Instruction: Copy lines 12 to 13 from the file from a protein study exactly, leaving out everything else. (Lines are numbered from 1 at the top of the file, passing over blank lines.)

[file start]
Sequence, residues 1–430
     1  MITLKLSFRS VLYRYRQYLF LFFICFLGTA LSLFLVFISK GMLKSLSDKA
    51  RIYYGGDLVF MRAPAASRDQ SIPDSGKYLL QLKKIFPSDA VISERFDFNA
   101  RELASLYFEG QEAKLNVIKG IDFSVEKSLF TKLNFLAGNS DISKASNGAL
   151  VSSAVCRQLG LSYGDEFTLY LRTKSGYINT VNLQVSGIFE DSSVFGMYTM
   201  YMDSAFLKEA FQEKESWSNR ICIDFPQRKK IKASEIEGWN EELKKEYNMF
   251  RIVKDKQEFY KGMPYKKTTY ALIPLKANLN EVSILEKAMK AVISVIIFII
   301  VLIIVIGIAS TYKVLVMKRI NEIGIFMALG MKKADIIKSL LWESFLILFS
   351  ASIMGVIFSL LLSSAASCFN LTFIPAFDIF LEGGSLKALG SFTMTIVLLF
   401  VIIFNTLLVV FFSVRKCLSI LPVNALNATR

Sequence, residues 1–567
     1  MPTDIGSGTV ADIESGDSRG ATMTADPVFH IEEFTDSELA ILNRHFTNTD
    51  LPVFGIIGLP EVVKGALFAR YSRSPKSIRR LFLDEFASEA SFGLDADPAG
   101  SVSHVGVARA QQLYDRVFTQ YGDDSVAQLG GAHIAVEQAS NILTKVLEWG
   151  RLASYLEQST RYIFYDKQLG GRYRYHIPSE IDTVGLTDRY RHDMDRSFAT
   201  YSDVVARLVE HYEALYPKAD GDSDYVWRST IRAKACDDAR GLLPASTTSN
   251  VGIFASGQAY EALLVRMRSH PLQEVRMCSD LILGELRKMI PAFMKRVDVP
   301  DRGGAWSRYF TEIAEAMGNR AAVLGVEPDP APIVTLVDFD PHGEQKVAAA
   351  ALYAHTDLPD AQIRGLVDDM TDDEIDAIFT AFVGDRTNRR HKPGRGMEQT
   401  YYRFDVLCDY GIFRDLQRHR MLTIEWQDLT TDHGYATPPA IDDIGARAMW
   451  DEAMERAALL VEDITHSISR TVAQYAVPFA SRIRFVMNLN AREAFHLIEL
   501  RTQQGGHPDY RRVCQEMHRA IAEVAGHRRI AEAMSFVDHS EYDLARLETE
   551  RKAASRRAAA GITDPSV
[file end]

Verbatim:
     1  MPTDIGSGTV ADIESGDSRG ATMTADPVFH IEEFTDSELA ILNRHFTNTD
    51  LPVFGIIGLP EVVKGALFAR YSRSPKSIRR LFLDEFASEA SFGLDADPAG